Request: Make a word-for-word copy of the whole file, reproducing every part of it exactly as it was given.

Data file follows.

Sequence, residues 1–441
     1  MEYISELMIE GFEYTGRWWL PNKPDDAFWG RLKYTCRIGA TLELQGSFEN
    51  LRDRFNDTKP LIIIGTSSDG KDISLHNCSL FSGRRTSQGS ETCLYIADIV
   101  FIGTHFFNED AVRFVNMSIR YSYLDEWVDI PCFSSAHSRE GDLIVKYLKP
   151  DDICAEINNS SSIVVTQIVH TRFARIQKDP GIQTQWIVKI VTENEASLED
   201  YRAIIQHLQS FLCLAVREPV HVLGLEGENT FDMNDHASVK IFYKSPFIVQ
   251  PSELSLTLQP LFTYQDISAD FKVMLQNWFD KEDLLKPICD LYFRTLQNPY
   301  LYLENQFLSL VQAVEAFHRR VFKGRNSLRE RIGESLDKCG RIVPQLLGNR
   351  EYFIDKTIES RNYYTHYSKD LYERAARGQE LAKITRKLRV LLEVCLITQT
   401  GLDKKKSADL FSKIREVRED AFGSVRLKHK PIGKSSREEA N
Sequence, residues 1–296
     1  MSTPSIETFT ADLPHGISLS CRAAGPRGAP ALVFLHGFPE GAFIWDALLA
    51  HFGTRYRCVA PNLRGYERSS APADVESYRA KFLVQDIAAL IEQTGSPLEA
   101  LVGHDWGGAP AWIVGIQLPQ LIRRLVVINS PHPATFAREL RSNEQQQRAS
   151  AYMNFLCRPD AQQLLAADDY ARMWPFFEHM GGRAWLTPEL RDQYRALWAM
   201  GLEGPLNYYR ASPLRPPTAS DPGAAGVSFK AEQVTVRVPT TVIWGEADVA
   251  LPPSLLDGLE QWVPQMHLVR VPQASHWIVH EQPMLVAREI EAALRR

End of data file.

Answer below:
Sequence, residues 1–441
     1  MEYISELMIE GFEYTGRWWL PNKPDDAFWG RLKYTCRIGA TLELQGSFEN
    51  LRDRFNDTKP LIIIGTSSDG KDISLHNCSL FSGRRTSQGS ETCLYIADIV
   101  FIGTHFFNED AVRFVNMSIR YSYLDEWVDI PCFSSAHSRE GDLIVKYLKP
   151  DDICAEINNS SSIVVTQIVH TRFARIQKDP GIQTQWIVKI VTENEASLED
   201  YRAIIQHLQS FLCLAVREPV HVLGLEGENT FDMNDHASVK IFYKSPFIVQ
   251  PSELSLTLQP LFTYQDISAD FKVMLQNWFD KEDLLKPICD LYFRTLQNPY
   301  LYLENQFLSL VQAVEAFHRR VFKGRNSLRE RIGESLDKCG RIVPQLLGNR
   351  EYFIDKTIES RNYYTHYSKD LYERAARGQE LAKITRKLRV LLEVCLITQT
   401  GLDKKKSADL FSKIREVRED AFGSVRLKHK PIGKSSREEA N
Sequence, residues 1–296
     1  MSTPSIETFT ADLPHGISLS CRAAGPRGAP ALVFLHGFPE GAFIWDALLA
    51  HFGTRYRCVA PNLRGYERSS APADVESYRA KFLVQDIAAL IEQTGSPLEA
   101  LVGHDWGGAP AWIVGIQLPQ LIRRLVVINS PHPATFAREL RSNEQQQRAS
   151  AYMNFLCRPD AQQLLAADDY ARMWPFFEHM GGRAWLTPEL RDQYRALWAM
   201  GLEGPLNYYR ASPLRPPTAS DPGAAGVSFK AEQVTVRVPT TVIWGEADVA
   251  LPPSLLDGLE QWVPQMHLVR VPQASHWIVH EQPMLVAREI EAALRR